< cpp‎ | utility
Defined in header <new>
template <class T>
constexpr T* launder(T* p) noexcept;
(since C++17)
(until C++20)
template <class T>
[[nodiscard]] constexpr T* launder(T* p) noexcept;
(since C++20)

Obtains a pointer to the object located at the address represented by p.

Formally, given

  • the pointer p represents the address A of a byte in memory
  • an object X is located at the address A
  • X is within its lifetime
  • the type of X is the same as T, ignoring cv-qualifiers at every level
  • every byte that would be reachable through the result is reachable through p (bytes are reachable through a pointer that points to an object Y if those bytes are within the storage of an object Z that is pointer-interconvertible with Y, or within the immediately enclosing array of which Z is an element)

Then std::launder(p) returns a value of type T* that points to the object X. Otherwise, the behavior is undefined.

The program is ill-formed if T is a function type or (possibly cv-qualified) void.

std::launder may be used in a core constant expression if the value of its argument may be used in a core constant expression

[edit] Notes

Typical uses of std::launder include:

  • Obtaining a pointer to an object created in the storage of an existing object of the same type, where pointers to the old object cannot be reused because the object has const or reference data members, or because either object is a base class subobject;
  • Obtaining a pointer to an object created by placement new from a pointer to an object providing storage for that object.

[edit] Example

#include <new>
#include <cstddef>
#include <cassert>
struct X {
  const int n; // note: X has a const member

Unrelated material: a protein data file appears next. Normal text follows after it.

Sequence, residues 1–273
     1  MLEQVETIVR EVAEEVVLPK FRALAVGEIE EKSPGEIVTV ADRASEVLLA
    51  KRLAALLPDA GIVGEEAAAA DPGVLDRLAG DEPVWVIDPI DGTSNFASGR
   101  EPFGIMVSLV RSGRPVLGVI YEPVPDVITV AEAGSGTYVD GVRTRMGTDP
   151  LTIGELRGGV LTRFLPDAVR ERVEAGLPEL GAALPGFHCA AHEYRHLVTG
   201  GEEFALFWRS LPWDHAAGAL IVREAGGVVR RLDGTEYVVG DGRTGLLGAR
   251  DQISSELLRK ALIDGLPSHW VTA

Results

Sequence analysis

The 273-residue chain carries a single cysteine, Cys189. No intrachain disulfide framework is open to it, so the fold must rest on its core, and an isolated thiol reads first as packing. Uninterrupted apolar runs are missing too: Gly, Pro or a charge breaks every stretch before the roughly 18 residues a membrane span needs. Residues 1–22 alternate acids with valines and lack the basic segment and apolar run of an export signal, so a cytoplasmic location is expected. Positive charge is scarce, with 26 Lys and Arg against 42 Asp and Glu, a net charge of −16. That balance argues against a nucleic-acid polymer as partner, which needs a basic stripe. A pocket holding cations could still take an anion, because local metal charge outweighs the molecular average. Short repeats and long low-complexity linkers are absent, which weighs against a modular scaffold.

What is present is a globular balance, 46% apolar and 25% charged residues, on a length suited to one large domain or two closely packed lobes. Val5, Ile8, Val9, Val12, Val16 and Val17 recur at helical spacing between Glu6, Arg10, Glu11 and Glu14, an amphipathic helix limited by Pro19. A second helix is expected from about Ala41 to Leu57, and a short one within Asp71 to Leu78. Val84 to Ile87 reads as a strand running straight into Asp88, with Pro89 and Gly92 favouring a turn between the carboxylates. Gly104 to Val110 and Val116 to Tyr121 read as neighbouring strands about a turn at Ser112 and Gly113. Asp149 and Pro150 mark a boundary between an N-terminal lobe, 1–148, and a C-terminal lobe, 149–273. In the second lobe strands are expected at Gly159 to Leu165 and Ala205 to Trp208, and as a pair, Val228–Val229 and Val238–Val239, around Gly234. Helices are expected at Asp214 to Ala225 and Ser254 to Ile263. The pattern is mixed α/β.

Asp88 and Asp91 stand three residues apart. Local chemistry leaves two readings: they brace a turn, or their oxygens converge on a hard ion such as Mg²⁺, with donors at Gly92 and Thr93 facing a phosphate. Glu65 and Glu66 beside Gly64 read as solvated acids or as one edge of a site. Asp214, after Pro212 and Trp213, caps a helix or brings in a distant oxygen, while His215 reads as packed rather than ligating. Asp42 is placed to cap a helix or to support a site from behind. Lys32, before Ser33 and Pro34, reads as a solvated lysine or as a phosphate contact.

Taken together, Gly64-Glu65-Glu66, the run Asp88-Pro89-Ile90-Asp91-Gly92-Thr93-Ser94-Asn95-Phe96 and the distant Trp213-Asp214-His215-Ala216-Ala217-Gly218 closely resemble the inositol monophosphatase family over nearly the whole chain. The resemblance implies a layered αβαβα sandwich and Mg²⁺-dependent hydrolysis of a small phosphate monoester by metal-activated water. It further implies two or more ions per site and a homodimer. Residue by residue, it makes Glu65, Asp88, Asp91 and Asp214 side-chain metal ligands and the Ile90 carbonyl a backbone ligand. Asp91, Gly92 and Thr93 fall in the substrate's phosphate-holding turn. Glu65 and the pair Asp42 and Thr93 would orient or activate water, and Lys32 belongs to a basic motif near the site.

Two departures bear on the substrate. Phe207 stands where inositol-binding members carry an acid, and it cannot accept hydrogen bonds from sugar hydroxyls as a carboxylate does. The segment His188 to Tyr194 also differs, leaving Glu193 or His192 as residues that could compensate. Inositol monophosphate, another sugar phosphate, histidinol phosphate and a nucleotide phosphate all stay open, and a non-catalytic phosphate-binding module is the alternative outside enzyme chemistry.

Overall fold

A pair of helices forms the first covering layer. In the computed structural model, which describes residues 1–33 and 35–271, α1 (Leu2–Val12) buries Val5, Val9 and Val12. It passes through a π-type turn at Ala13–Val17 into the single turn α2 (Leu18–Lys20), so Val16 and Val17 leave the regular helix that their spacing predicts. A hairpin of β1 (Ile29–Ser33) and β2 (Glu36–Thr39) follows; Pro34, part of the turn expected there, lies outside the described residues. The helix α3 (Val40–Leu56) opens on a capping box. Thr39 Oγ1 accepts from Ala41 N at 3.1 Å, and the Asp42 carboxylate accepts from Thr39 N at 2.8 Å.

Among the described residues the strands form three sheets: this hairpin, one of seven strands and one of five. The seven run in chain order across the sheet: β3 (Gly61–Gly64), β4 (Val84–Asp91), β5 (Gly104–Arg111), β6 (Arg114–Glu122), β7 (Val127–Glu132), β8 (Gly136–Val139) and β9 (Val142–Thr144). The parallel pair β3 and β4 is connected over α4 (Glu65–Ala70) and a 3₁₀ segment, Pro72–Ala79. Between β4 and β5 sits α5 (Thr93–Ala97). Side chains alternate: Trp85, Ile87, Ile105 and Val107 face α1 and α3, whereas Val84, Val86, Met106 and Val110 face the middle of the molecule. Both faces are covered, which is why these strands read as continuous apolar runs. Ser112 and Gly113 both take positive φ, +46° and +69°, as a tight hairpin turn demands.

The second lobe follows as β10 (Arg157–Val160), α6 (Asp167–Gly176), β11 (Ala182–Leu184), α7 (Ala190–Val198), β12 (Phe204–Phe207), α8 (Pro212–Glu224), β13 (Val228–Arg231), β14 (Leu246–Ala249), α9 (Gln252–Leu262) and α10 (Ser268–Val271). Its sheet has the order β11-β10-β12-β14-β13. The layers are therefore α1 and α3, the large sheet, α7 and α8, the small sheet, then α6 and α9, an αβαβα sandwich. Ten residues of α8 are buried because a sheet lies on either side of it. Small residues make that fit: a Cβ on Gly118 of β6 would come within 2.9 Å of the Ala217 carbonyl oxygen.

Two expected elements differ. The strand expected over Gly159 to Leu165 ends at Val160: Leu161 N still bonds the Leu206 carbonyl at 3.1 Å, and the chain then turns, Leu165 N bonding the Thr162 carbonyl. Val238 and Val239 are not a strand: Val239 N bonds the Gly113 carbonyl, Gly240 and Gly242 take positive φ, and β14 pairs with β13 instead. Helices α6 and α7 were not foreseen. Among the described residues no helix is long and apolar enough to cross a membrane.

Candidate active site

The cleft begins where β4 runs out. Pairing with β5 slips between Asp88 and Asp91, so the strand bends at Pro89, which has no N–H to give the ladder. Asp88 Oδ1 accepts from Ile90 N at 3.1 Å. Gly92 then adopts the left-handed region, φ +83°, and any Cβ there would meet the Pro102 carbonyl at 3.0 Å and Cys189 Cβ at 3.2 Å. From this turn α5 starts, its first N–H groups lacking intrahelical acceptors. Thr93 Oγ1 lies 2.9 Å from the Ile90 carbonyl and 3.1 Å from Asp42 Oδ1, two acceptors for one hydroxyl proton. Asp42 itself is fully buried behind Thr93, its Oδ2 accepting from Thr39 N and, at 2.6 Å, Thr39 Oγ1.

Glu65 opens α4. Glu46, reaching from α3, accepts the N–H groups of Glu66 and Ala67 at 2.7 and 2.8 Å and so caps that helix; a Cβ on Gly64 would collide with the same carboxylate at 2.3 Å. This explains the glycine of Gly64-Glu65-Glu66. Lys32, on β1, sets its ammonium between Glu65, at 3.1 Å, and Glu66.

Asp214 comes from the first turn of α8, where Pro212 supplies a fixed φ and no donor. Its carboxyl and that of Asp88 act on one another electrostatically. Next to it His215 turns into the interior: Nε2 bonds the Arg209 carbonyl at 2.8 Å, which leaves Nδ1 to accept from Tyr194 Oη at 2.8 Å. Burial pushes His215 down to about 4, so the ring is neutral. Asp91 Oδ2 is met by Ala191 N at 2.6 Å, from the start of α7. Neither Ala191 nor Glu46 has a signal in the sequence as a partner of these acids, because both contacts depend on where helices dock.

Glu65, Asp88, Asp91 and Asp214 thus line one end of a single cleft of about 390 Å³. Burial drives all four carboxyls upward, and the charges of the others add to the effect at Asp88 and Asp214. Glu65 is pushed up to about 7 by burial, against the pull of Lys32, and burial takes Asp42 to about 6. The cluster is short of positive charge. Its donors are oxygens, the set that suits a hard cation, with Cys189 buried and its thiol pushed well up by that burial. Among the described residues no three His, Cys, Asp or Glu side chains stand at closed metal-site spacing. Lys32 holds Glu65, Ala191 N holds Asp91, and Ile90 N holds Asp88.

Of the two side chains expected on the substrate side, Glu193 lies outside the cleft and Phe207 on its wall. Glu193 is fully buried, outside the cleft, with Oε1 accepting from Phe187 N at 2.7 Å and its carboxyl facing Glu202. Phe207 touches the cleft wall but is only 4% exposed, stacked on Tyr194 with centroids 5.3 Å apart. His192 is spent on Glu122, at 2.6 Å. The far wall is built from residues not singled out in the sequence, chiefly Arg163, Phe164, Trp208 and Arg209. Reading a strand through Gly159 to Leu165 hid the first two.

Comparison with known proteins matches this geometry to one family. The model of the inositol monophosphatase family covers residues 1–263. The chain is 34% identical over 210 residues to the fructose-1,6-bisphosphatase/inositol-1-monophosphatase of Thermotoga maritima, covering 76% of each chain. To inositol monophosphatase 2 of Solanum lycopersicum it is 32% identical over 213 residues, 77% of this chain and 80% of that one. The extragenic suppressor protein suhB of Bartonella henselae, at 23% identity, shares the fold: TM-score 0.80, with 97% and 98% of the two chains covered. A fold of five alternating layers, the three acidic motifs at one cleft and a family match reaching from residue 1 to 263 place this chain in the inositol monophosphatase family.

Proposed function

int m;
struct Y {
  int z;
struct A { 
    virtual int transmogrify();
struct B : A {
    int transmogrify() override { new(this) A; return 2; }
int A::transmogrify() { new(this) B; return 1; }
static_assert(sizeof(B) == sizeof(A));
int main()
  X *p = new X{3, 4};
  const int a = p->n;
  X* np = new (p) X{5, 6};    // p does not point to new object because X::n is const; np does
  const int b = p->n; // undefined behavior
  const int c = p->m; // undefined behavior (even though m is non-const, p can't be used)
  const int d = std::launder(p)->n; // OK, std::launder(p) points to new object
  const int e = np->n; // OK
  alignas(Y) std::byte s[sizeof(Y)];
  Y* q = new(&s) Y{2};
  const int f = reinterpret_cast<Y*>(&s)->z; // Class member access is undefined behavior:
                                             // reinterpret_cast<Y*>(&s) has value "pointer to s"
                                             // and does not point to a Y object 
  const int g = q->z; // OK
  const int h = std::launder(reinterpret_cast<Y*>(&s))->z; // OK
  A i;
  int n = i.transmogrify();
  // int m = i.transmogrify(); // undefined behavior
  int m = std::launder(&i)->transmogrify(); // OK
  assert(m + n == 3);